Tips on how to avoid cyber security risks from LLM graduate, writer at Ledger Insights and recent TWW guest, Nicole Pitches.
In January 2020 WFH was discussed little in the legal profession. In fact no one knew what those letters could stand for. Six months later, work from home (WFH) is a commonly accepted reality even for lawyers. WFH brings freedom: allowing additional family time, avoidance of the morning traffic and the boardroom swapped for Zoom. But freedom can also bring risks, one being cyber attacks and cyber security issues.
While Security and the Law are distinct topics, Law firms handle sensitive and confidential client data which must be kept secure. Not only is this important for your reputation, it is also a requirement under data protection regulations such as the GDPR.
The Wired Wig spoke to Nicole Pitches about whether there is a Law that governs cyberspace. We also had time for a chat around three ways to protect your firms against attacks. Here is a summary:
1. Secure your networks
An easy way for cybercriminals to gain access to your computer is through dummy networks.
Dummy networks can be common in public spaces such as co-working spaces, cafes, airports and restaurants. Therefore, if your firm has opted to become fully remote, it is important your employees understand the steps they should take too remain on a secure network.
Firstly, ensure your employees are working on a secure network by making it a policy to use a VPN when not in the office. This includes using a VPN in household networks too.
Secondly, to connect to this network your employees should need to use a strong password and two factor authentication (2FA). Strong passwords and 2FA decrease the risk of a exposing your client data.
2. Email awareness
“During the pandemic, cybercriminals have begun to send COVID-19 related information, in an effort to get individuals to click the links. In fact, clicks were up 32-35% in the peak of the pandemic.”
Thought it was odd that Lucy shared a link but hasn’t had a meeting with you for a few days? Train your employees on how to identify phishing emails including malicious attachments, spear phishing, credential phishing and wire transfer fraud.
Phishing attacks take the form of malicious emails, that seems as though they have been sent from a legitimate source, like a bank of government agency. Targets to these attacks may very well use and recognise these sources and then will fall victim to the attack, by clicking and downloading on malicious links or attachments. Often the phishing attack will target private information, such as credit card or social security numbers.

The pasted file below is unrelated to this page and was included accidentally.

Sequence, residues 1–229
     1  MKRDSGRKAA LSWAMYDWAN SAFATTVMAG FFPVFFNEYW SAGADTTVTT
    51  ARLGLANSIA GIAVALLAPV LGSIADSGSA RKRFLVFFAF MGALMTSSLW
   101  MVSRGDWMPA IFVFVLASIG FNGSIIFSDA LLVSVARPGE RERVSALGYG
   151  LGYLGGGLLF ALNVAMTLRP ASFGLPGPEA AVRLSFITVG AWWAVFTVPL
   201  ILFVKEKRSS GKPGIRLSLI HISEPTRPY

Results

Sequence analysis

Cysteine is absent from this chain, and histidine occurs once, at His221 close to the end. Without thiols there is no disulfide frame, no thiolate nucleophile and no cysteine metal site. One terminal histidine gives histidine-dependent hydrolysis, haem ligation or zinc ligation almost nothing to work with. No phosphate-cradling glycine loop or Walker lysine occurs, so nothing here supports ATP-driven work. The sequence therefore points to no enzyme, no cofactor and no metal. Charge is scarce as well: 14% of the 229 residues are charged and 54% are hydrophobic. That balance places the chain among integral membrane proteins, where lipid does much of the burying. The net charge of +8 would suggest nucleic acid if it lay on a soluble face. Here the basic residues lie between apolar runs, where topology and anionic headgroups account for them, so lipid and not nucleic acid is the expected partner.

Cybercriminals may attempt to play with your emotions in an effort to get you to click on a link. Examples could include sending something along the lines of ‘Cure found for COVID-19,’ or even luring you with monetary gain such as ‘The government has established new tax refund programme for dealing with the coronavirus outbreak in its action plan. You are eligible to get a tax refund of 128.34 GBP’.
Overall, a tell tell sign is that in the email there is a sense of urgency and only a limited time to respond. The general rule is if it is too good to be true, the likelihood that it is a phishing attack is pretty high.
3. Scams (Office 365)
Something to watch out for in particular, is the Office 365 phishing scam. It is one of the most common phishing attacks and also used in the COVID-19 era.
Cybercriminals send a phishing email, which includes a link, referencing the workplace of the individual. The user will then be redirected to a phishing site that looks like the Office 365 login page, and if they enter their username and password, it will be sent to the cybercriminal, who can then see every email. They often do what is known as a ‘smash and grab’. This is where they will look for any invoices or similar payment documents and then change the wiring instructions so any money will be sent to them.
The solution is rather simple: multi-factor authentication (MFA). MFA adds an extra layers of security by requiring multiple credentials to be entered, such as a pin sent to your phone, or an extra security question. It is one of the most effective ways to greatly reduce the risk of business email scams.
It may require extra work to ensure all work devices are secure and employees follow a security conscious culture. However, security will only become more prevalent in the future.
The Wired Wig explains helps to plug in Digital and Technology Law into businesses. It explains technology concepts and informs business leaders and students how the Law could respond to innovation.